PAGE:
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Government shouldn't run SMEs out of business with high taxation

By Akidadi Injenga | September 26th 2021

SMEs need a favourable working environment to grow. [Courtesy]

The National Assembly last year amended the income Tax Act by introducing section 12D which gave Kenya Revenue Authority powers to collect minimum tax. This prompted Kitengela Bar Owners Association go to court to challenge the move. High Court Judge George Odunga last week termed the move unconstitutional.

SMEs are the biggest industry we have in Kenya. They contribute to the economic growth of our nation through taxes. Whenever SMEs feel overburdened, they run out of business or evade paying tax. The government, therefore, loses revenue, affecting service delivery.

SMEs need a favourable working environment to grow. When they expand, they automatically pay more taxes.

But while, Odunga's ruling is welcome relief, SMEs still have a many hurdles to overcome.

The Covid-19 pandemic has disrupted business operations. Many businesses were affected by lockdowns and curfews imposed by government, and have have not yet recovered.

The introduction of VAT on petroleum gas, which has seen a 13kg cooking gas retail at Sh2,350, has made SMEs to incur extra cost. The government has as a result pushed some SMEs to shift to using firewood which will lead to deforestation and pollute the environment.

The cost of diesel has increased 74 per cent to Sh115.6 a litre, kerosene, which is used to cook in many homes has risen by 13 per cent to Sh110.82 per litre.

The overall inflation rate in August, according to Kenya Bureau of Statistics, was 6.32 compared to 6.32 per cent recorded in June. With the fuel price increase, the gap is likely to widen.

We are likely to experience cost-push inflation more and more. For instance, the cost of electricity is likely to increase due to increase in raw material like diesel affecting the SMEs who depend on electricity. Definitely, these SMEs will be forced to increase the prices of their products to cater for extra cost. These in return will affect the living standards of Kenyans. Few years back, majority of Kenyans lived below a dollar per day. With inflation, they have to strive to survive below two dollars.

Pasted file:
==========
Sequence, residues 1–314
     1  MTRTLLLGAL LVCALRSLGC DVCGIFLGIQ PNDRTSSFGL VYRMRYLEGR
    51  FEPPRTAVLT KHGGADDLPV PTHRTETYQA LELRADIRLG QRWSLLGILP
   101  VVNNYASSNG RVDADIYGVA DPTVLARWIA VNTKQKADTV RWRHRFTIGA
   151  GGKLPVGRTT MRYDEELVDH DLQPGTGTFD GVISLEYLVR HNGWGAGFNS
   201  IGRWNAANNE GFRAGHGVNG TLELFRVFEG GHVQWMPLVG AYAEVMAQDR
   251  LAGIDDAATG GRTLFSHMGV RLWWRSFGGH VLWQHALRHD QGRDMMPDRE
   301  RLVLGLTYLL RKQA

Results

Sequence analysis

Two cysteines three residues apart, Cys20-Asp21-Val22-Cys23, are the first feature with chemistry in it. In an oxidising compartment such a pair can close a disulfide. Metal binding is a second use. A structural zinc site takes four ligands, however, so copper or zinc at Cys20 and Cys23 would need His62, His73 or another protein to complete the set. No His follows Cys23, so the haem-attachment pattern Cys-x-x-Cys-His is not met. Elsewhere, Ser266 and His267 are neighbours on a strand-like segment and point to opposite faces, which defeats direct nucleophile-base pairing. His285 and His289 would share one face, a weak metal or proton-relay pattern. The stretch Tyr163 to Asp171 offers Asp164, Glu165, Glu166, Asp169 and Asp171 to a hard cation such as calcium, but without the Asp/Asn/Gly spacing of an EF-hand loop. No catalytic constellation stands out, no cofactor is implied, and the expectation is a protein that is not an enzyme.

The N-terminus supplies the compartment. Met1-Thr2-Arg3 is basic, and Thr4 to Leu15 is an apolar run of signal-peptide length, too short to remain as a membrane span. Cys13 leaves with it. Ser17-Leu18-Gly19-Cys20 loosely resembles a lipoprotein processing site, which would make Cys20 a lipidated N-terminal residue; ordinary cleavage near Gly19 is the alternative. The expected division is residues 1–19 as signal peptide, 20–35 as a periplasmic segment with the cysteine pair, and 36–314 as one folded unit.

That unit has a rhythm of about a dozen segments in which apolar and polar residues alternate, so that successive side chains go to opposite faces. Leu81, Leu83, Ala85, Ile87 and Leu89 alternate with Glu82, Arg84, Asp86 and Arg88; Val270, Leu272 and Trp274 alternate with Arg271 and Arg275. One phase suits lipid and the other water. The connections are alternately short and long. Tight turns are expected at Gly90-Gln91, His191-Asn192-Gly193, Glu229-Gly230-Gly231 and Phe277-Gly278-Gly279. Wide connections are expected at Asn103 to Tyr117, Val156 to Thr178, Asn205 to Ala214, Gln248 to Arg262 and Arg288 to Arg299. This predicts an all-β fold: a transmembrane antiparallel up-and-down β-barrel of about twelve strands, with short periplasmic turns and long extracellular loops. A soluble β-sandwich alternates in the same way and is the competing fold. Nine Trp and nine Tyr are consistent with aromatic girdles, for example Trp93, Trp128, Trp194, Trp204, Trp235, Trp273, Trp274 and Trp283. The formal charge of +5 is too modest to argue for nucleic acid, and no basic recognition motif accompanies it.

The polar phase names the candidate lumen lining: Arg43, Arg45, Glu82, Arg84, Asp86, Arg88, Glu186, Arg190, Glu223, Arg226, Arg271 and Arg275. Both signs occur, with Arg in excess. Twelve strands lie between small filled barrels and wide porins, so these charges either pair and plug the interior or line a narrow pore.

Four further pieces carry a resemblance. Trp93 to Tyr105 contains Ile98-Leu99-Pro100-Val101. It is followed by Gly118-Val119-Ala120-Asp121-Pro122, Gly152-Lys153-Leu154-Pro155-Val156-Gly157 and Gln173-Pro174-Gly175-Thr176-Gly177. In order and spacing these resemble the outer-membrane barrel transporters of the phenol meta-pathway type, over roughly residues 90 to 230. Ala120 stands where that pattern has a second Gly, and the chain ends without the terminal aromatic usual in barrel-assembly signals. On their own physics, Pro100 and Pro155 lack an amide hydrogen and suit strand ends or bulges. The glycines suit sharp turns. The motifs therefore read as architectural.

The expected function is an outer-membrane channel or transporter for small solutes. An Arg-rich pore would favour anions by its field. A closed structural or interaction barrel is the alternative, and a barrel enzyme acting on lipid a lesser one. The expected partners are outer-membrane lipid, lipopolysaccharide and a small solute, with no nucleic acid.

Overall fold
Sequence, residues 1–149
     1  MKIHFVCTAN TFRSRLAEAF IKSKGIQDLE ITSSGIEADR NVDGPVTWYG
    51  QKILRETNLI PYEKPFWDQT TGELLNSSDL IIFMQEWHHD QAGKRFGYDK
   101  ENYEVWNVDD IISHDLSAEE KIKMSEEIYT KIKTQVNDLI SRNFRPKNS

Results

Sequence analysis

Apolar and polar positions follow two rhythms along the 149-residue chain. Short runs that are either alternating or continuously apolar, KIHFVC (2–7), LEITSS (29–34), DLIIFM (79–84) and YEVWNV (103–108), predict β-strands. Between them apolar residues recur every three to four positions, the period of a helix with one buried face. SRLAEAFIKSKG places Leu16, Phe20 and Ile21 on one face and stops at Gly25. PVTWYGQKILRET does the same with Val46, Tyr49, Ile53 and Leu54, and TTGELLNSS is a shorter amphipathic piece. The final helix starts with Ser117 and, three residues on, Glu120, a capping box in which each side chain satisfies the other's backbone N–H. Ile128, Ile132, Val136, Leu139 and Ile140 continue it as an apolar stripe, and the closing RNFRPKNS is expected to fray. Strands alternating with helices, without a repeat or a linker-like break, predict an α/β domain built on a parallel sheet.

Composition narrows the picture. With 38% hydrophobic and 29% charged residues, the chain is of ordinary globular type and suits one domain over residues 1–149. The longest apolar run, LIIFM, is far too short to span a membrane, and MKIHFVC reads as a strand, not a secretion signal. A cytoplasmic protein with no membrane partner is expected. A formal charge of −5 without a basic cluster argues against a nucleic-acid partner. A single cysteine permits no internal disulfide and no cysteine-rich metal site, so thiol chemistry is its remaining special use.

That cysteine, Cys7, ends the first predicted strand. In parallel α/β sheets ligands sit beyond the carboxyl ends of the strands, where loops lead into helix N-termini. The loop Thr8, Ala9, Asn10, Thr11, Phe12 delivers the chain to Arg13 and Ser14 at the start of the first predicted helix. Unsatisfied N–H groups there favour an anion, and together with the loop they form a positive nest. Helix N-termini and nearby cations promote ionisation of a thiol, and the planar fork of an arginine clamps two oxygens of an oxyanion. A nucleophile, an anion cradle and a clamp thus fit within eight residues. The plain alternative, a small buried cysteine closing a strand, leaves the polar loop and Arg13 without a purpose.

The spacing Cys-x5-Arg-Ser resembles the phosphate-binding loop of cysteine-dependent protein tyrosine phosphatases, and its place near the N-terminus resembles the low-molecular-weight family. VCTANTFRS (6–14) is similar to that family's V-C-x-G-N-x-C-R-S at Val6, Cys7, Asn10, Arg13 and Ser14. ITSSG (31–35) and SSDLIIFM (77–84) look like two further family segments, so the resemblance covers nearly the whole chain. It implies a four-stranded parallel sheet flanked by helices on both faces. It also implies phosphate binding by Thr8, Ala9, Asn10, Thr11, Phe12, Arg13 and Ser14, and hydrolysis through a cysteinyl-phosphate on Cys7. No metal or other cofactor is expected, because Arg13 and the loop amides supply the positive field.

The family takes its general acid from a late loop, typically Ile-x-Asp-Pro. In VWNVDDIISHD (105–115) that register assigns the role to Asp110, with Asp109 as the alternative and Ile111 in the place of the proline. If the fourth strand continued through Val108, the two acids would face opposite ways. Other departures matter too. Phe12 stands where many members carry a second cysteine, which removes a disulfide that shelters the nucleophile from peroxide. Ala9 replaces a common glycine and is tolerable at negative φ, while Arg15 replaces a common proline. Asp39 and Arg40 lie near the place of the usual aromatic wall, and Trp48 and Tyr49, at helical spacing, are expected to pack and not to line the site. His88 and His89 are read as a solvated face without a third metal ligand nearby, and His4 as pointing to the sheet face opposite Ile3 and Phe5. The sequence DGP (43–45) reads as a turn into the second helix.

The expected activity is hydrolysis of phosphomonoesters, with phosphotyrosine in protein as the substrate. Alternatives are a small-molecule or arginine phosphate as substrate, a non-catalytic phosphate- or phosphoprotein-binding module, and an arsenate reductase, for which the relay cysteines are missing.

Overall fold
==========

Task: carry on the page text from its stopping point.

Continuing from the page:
We all understand that the government over-borrowed. The Jubilee government has 10 months to narrow the debt gap and bring it where PNU government left us.

Kenyans elected their leaders to represent them in the National Assembly and Senate. They have the tools and machinery to rectify laws that open gaps for over taxation. They should not sacrifice the SMEs at the altar of party loyalty. This economic crisis is a litmus test for their re-election.

Some licence fees need to be merged like liquor and Single Business Permits for the bar owners. Some licences being charged at county and national level almost have the same function. Distribution fees charged in different counties varies, making it hard for SMEs expand their businesses.

The government needs to lift the curfew and allow SMEs to operate for 24 hours. We need to protect SMEs at all costs.

Mr Akidadi is a communication, membership and advocacy officer, KNCCI, Vihiga County

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